Dannette Giltz gave birth to triplets, thought she had kidney stones - Josh Loe

Dannette Giltz gave birth to triplets, thought she had kidney stones

A South Dakota woman who went to the hospital thinking she had kidney stones was actually 34 weeks pregnant with triplets.

Dannette Giltz, of Sturgis, gave birth to triplets named Blaze, Gypsy, and Nikki on August 10, KOTA-TV reported. Each weighed about four pounds.

Giltz, who has two older children with her partner of 12 years, Austin, was already in labor when she learned she was going to have triplets.

“I started getting pains, I figured it was kidney stones because I’ve went through them before,” she told Giltz.

Giltz only learned she was going into labor after taking a urinalysis test. Doctors told her to expect twins — but it turned out to be triplets.

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“It was quiet, we thought they were done,” Giltz KOTA. “He’s over there, kind of like rocking like, thinking of the names and then she’s like well we need another blanket and his reaction is like excuse me, put it back, no, I was told I have twins, I’m not doing triplets. She’s like no, there’s three babies in here, there’s triplets.”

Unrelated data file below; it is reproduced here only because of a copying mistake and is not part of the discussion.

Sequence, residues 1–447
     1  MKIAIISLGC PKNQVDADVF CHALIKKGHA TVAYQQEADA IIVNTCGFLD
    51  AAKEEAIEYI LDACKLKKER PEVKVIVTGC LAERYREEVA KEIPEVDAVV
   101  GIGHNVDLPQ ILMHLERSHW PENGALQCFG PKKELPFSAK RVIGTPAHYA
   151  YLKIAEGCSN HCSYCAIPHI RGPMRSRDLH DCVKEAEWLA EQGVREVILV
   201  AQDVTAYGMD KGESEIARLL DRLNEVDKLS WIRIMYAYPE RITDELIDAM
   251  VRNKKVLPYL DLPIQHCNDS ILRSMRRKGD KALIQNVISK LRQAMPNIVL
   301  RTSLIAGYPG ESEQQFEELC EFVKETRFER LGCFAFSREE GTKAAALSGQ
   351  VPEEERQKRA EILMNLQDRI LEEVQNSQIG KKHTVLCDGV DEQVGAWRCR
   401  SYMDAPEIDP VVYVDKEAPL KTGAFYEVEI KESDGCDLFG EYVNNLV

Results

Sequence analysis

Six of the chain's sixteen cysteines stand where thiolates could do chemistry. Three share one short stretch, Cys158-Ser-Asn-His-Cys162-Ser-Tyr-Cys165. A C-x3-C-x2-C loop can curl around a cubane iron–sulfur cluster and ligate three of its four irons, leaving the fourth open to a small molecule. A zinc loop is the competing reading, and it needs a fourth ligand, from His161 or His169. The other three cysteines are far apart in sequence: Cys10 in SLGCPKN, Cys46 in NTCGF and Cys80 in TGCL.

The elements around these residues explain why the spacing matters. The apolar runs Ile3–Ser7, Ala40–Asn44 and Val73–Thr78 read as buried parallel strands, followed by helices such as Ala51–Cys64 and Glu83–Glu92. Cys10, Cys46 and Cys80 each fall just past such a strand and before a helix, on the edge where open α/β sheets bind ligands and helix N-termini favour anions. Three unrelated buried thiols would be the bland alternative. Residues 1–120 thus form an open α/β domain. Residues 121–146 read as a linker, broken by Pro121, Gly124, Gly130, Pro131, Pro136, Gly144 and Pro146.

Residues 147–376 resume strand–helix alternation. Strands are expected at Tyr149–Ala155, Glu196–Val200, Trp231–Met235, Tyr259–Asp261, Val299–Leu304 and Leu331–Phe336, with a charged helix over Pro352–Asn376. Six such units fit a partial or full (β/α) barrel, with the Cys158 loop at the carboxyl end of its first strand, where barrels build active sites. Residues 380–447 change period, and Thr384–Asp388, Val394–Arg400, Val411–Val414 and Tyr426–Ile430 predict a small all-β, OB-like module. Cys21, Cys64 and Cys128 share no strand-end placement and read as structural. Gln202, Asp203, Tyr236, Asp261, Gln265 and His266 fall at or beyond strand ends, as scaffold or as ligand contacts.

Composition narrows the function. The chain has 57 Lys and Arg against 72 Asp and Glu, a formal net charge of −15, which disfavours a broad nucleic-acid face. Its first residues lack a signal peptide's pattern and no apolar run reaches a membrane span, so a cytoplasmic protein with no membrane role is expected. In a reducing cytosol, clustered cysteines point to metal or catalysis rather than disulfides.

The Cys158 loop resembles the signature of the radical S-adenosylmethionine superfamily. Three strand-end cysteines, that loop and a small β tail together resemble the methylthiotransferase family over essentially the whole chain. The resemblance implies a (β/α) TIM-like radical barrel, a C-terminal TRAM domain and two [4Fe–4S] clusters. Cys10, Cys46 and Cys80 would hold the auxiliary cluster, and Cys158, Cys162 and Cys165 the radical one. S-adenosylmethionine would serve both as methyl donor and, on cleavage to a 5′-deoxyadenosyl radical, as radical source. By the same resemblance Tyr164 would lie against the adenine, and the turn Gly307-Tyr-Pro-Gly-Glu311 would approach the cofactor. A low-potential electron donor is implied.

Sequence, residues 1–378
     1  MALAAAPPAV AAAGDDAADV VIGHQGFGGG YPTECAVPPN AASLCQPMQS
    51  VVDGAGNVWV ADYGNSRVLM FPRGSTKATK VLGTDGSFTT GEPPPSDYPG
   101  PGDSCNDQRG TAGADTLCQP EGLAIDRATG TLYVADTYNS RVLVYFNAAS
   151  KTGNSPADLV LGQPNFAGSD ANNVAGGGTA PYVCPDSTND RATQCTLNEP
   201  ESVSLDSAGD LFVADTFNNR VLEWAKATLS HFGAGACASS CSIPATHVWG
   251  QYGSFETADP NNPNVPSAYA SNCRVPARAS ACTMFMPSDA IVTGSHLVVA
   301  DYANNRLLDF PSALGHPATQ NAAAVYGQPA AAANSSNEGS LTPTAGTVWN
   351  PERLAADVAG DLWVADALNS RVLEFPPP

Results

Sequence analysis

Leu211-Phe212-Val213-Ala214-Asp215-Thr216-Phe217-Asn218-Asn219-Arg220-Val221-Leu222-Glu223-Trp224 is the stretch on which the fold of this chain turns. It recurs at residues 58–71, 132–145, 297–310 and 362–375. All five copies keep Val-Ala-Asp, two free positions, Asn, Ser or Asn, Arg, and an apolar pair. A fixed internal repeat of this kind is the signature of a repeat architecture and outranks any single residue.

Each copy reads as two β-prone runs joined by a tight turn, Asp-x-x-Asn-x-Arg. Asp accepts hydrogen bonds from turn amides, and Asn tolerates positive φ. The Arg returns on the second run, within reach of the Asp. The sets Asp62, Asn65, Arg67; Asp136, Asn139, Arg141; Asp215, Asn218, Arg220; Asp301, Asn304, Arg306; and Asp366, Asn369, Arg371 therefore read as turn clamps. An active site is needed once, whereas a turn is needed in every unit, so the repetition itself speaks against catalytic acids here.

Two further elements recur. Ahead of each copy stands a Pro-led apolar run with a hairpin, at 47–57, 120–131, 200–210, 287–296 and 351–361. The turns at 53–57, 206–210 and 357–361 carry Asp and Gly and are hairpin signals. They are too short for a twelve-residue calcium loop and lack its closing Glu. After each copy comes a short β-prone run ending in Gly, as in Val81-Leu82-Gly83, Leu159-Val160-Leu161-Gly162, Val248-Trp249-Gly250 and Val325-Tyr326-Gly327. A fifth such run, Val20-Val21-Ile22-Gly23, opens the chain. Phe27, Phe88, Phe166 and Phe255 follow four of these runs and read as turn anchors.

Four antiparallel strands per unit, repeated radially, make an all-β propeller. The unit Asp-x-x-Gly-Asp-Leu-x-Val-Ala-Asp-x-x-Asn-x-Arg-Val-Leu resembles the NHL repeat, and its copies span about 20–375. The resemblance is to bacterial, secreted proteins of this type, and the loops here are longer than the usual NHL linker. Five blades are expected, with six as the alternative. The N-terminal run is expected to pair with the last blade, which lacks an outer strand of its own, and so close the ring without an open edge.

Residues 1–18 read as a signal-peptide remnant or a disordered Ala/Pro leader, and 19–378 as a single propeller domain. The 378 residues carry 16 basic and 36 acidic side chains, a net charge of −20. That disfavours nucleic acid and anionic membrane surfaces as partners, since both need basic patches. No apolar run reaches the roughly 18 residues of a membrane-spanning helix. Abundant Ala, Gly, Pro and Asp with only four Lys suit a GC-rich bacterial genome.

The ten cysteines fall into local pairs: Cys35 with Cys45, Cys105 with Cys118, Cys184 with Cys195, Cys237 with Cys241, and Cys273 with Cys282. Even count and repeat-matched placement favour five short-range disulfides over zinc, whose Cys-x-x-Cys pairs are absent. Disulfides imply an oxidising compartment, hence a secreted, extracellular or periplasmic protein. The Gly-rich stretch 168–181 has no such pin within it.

All three babies were born within the span of four minutes.

People across Sturgis have donated baby-related goods to the family as they start their new life as a family of seven, and Giltz called the entire experience “crazy.”

“You don’t ever see triplets being conceived naturally, let alone going 34 weeks without knowing. So, everyone’s like I can’t believe it, I’m like we’re still in shock … I go to the doctor’s thinking I’ll have surgery for kidney stones and end up going into labor with a c-section that night,” she said.

While many people can physically feel their bodies changing with pregnancy — they can feel larger, feel pressure on their organs, or feel movement inside their belly — there are physical reasons a pregnancy could be hard to detect.

A bump might be less noticeable on a heavier person, or on a person whose uterus sits deep inside the pelvis, Dr. Mary Jane Minkin, clinical professor of obstetrics, gynecology and reproductive sciences at Yale School of Medicine, told INSIDER in 2018.

“When the placenta sits in the front part of the uterus — what we call an anterior placenta — it does blunt some of the [fetal] activity,” Minkin said.

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